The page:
O is for Outline: Having an outline (a plan) of where you are going in your business is critical. As Dr. Phil says, "You've got to name it to claim it." Having an outline will help guide you in your decision making and keep you focused as opportunities present themselves. If you do not have an outline, you are much more likely to take on activities, projects and clients that do not move you closer to your desires.



U is for Unique: To stand out in a crowd, you simply have to be unique. You need to "be the blue tree," as my friend and colleague Barbara Wayman of Blue Tree Media says. Being different than others in your field will draw the kind of attention you want so you can attract your ideal clients, customers, joint venture partners and affiliates.



Y is for You: As a solopreneur, you are your brand. Everything from the way you wear your hair to your elevator speech, your logo and how you communicate with your clients defines your brand. Years ago I recall hearing supermodel Cindy Crawford say, "I'm not a supermodel. I'm the CEO of the Cindy Crawford brand." That was an ah-ha moment for me. You, too, are CEO of brand you. Embrace all that is you and share it with the world!



Applying these basics to your business will help you build a strong foundation from which you can grow both professionally and personally.


By Meredith Liepelt
© 2011 Meredith Liepelt, Rich Life Marketing
Image by Spirokwok



© 2011 Meredith Liepelt, Rich Life Marketing Meredith Liepelt, President of Rich Life Marketing, offers a free report called "101 Ways to Attract Ideal Clients, Build Your List and Raise Your Profile," which can be downloaded immediately at RichLifeMarketing.com.

How to Get More Clients with Contact Management System

5 Simple Steps to Keep a Steady Flow of Clients and Prospects Coming Into YOUR Business


You cannot begin to market your business if you can't find the information you need, don't know who you are marketing to, and don't know where you are in your business.

So, let's go back to basics and take a look at one of the key office organization systems you need to have in place to "manage" your business before you can start to "market" your business - your contact management system!

If set up correctly your contact management system allows you to:

* Keep a note of clients, potential clients, and colleagues contact information.

* Easily and effectively follow-up with a prospect.

* Locate critical client contact information quickly and easily.

* Build your business.

Having all of your contact data readily to hand will allow you to build your business. You have all the information you need; it's all in one place, and you can locate it quickly and easily. Follow-up becomes a much smoother process and in turn it builds your business.

Let me share with you below my 5 easy steps for creating your ideal contact management system so that you constantly have a full pipeline of interested clients and prospects:

1. Choose your system. You need to decide on a system that works best for YOU and YOUR business. This could be using Outlook (as I do) to manage all your contact data, appointments, To Do lists, etc. or you could use dedicated contact management software. A third option might be to utilize one of the many web-based contact management systems.

2. Draw clients into your pipeline. Once you've got your contact management system in place, you need to have a system for keeping in touch with people you meet at in-person events, online networking forums, or visitors to your website. One way to do that is to publish a regular ezine (electronic newsletter). This will keep clients and prospects flowing into your business and provide you with a base of interested people who want to find out more about you, your services, and your products.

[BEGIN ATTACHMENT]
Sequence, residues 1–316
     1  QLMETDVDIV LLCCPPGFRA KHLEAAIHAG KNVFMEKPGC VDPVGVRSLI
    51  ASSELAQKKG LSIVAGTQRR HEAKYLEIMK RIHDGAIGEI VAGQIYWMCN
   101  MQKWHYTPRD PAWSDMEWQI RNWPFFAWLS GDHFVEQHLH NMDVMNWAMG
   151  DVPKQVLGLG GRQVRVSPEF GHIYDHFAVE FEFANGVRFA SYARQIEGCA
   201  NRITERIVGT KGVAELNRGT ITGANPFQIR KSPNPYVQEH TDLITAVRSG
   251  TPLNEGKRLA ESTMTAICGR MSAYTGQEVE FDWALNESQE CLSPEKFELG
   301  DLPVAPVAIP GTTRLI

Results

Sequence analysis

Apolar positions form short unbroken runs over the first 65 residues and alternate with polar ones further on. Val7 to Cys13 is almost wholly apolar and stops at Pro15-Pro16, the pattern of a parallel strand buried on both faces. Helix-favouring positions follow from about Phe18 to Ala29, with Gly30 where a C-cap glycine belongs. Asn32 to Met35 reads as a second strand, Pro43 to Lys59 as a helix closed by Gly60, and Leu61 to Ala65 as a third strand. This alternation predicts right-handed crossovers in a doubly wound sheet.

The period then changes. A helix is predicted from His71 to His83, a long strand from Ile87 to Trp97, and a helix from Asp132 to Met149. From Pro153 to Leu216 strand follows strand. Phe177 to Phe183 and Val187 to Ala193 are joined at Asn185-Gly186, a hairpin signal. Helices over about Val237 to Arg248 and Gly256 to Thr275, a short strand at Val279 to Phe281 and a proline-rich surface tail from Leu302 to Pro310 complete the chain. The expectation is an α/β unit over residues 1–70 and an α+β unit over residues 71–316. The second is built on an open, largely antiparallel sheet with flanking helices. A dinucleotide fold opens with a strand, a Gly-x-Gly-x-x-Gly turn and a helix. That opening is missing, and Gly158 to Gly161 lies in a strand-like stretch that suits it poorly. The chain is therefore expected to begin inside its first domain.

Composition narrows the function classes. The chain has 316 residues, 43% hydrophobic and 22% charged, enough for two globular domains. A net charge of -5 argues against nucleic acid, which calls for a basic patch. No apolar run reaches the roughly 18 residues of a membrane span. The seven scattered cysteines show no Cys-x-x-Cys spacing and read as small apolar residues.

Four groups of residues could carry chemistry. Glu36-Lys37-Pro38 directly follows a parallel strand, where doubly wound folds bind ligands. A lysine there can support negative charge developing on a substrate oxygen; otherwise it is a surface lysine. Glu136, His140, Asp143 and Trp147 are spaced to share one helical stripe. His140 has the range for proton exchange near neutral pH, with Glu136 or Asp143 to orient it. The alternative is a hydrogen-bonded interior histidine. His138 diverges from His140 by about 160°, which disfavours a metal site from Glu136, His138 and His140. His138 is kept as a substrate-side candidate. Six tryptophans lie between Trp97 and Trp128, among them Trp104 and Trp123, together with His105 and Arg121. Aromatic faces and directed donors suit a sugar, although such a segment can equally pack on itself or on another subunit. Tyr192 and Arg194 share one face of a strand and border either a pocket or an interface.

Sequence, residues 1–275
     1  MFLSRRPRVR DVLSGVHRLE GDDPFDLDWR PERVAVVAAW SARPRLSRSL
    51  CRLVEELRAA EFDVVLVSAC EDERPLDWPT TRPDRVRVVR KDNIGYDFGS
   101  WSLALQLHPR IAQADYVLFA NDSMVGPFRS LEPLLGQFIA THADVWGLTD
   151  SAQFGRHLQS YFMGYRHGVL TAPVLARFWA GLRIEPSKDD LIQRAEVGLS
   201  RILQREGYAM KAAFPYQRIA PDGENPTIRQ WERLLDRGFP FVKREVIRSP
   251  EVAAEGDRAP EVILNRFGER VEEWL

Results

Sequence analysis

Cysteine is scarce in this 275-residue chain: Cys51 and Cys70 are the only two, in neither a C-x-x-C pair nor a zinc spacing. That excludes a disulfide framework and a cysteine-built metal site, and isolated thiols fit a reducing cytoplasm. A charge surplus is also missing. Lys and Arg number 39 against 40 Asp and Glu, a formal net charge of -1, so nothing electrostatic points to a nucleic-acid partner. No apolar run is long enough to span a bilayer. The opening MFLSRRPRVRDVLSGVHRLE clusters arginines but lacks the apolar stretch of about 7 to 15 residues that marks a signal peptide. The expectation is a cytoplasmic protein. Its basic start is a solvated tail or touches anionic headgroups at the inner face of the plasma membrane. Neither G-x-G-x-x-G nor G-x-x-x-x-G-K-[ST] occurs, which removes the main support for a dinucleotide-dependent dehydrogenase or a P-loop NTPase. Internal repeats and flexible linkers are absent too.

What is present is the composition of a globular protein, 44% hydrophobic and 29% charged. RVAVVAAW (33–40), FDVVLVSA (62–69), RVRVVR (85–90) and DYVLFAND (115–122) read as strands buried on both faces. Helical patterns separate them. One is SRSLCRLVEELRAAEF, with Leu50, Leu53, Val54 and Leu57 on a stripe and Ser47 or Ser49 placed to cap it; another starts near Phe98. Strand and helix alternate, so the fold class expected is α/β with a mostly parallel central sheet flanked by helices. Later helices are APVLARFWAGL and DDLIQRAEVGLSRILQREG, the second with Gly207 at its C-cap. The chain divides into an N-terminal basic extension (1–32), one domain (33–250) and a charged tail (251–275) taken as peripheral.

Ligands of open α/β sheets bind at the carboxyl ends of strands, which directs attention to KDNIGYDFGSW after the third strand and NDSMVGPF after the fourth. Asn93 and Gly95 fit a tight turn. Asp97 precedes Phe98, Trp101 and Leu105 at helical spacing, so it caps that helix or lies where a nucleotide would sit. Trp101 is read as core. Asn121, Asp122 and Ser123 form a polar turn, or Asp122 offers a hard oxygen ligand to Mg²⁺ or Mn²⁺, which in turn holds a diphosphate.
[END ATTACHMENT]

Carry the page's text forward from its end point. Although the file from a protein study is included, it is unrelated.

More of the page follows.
3. Define the process for working with new clients. Once you've got prospects into your pipeline the next step is to create a system so that those clients who are ready to work with you are able to do so. This could be through an initial complimentary consultation to determine if you are a good fit for one another. List everything you currently do and come up with a system for streamlining the whole process.

4. Keep it all up-to-date. It's all well and good having the systems in place, but if you're not keeping it all current, then your contact management system quickly becomes of no use to you at all. Ideally, you should be updating your client data as you go along, but if you find you're not doing that, spend 15/20 minutes at the end of each day, before you shut down your PC, reviewing who you've talked to/emailed, what the outcome was, and when you promised to follow-up with them. Note it all down in your contact management system.

5. Create a waiting list! If you find that you have more clients wanting to work with you than you can handle, offer to put them on your waiting list. If you suddenly get a client who has to cancel (and it does happen, for a variety of reasons), then you're not left with a big hole in your cashflow - you simply approach your waiting list and let them know you have an opening available. Plan to keep in touch with your waiting list on a regular basis so that they don't forget you!

Consistency is the key to keeping a steady flow of clients and prospects coming into your business. Make the commitment to spend time each and every day on your contact management system, and watch your business grow!



By Tracey Lawton
(c) 2008 Tracey Lawton

Online Business Development Strategist, Tracey Lawton, teaches solo service professionals how to create a thriving and profitable business through the implementation of simple office organization and online marketing systems, which leads to more clients, more profits, and more freedom. Get your fr.ee "Office Organization Success Toolkit" plus how-to articles, resources, tips, and tools at http://www.officeorganizationsuccess.com.